Business Development and Marketing a Priority for Small Business
January 27, 2011
#MediaMonday – Jeff Scott
January 31, 2011
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Twitter users have run amuck a couple times over the last two weeks.

First in Tucson on Jan. 8, tweets erroneously reported that Rep. Gabrielle Giffords had died in the tragic attack at the “Congress on the Corner” event. Giffords is, in fact, alive.

Then, during and after the NFC Championship Game on Jan. 23, tweets were being fired-off about the health and heart of Chicago Bears quarterback Jay Cutler. Cutler does, in fact, have a knee injury that forced him out of the game.

Citizen journalists – if that is what we are to call them – have no boss, no editor and other than their own personal credibility, no reason to verify facts before tweeting. And we see the aftermath.

In Cutler’s case, there is no editorial board to guide tweets even though they can be sent with limited or no actual knowledge of the situation. One of the first things we teach our spokespeople during media training is, “Don’t speculate. If you don’t have all the facts, don’t guess or make them up.”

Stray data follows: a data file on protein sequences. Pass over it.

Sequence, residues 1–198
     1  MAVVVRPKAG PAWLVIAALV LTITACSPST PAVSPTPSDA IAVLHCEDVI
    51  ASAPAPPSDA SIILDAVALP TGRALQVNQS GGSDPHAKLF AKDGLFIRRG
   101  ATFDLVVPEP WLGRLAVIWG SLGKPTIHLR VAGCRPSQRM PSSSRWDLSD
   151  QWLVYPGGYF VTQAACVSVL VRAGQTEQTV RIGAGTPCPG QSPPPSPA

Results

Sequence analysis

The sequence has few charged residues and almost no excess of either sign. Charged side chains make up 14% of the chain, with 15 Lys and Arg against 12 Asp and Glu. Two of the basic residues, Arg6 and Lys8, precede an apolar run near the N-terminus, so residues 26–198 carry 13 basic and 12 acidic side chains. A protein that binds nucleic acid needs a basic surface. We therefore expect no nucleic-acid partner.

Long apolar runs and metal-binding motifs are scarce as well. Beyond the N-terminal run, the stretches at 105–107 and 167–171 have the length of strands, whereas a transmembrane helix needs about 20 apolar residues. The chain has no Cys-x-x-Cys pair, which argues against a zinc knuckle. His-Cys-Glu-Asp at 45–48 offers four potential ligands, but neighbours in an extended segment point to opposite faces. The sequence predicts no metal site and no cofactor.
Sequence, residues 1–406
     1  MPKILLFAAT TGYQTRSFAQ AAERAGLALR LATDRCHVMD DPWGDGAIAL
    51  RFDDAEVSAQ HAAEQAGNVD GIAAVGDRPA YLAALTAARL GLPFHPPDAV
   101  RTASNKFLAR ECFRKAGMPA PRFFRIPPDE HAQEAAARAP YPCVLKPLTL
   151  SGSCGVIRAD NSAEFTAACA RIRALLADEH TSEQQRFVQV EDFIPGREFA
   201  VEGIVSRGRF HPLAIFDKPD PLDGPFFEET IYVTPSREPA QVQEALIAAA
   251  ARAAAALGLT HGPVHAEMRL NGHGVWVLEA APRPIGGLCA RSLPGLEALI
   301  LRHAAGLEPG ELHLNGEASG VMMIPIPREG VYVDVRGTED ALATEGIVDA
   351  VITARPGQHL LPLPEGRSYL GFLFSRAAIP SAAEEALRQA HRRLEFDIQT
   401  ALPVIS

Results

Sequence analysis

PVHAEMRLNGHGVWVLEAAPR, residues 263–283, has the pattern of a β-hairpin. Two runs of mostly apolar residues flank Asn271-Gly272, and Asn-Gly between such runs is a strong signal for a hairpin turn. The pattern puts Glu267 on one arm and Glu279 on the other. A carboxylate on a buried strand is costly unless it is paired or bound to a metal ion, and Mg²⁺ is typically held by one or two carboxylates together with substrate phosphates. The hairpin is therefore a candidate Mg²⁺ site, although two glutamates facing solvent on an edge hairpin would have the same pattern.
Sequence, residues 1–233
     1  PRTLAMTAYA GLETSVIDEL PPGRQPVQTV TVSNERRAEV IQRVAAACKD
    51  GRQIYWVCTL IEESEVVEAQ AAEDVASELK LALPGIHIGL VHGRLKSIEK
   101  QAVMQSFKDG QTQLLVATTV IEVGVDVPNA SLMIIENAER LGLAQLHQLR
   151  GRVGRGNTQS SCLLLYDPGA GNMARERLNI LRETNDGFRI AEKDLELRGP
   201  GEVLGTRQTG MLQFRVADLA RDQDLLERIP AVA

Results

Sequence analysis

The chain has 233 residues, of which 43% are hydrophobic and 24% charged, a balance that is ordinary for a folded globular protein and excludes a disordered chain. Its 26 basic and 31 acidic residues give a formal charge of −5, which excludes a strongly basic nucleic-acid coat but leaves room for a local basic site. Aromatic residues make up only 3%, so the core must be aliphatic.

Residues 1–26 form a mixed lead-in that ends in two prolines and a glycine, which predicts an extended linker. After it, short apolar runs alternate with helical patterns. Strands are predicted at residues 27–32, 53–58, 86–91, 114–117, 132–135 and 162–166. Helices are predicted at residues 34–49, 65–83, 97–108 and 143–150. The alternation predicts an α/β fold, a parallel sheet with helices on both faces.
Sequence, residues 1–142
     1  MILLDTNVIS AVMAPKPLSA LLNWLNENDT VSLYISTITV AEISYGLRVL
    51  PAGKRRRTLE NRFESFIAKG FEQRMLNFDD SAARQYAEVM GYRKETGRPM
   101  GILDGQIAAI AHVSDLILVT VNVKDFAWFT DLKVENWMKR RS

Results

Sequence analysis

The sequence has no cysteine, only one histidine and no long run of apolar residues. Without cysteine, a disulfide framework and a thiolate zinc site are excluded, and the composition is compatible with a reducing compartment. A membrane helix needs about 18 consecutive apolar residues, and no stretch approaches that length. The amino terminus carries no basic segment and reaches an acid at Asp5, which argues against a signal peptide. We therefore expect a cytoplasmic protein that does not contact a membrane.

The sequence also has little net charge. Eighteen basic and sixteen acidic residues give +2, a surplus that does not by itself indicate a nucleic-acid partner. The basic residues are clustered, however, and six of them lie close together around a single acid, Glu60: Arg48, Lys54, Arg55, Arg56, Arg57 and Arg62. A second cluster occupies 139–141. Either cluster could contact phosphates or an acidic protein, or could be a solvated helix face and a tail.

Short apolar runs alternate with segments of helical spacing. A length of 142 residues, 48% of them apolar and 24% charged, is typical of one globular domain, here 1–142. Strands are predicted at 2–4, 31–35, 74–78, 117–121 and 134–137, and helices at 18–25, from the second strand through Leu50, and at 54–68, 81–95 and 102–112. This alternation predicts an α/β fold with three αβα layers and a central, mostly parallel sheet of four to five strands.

While Twitter has become a major communications tool – user beware!

Abbie S. Fink
Abbie S. Fink
Vice President/General Manager Abbie has been doing public relations her whole life…from organizing a picket line in 6th grade to organizing client communications today. She’s passionate about a lot of things, you’ll see. Check out Abbie's full bio

2 Comments

  1. Alison says:

    Regarding Cutler, while that was Twitter run-amok for days, there was a happy Twitter-related story from that game as well. This week, after the Packers beat the Bears, it was announced that not all the Packer team would get to go to Texas for the big Superbowl photo. Fans (and the media) took to Twitter in a frenzy – a frenzy that caused change. So, while I do think the user should beware, I want to applaud the community of Tweeps for giving me the best pre-Superbowl “happy story” so far.

  2. David Landis says:

    I couldn’t agree more. Social media has its advantages, but it should never be construed to be fact-checked and accurate. Especially with social media, do your own homework and research before you believe what you read.

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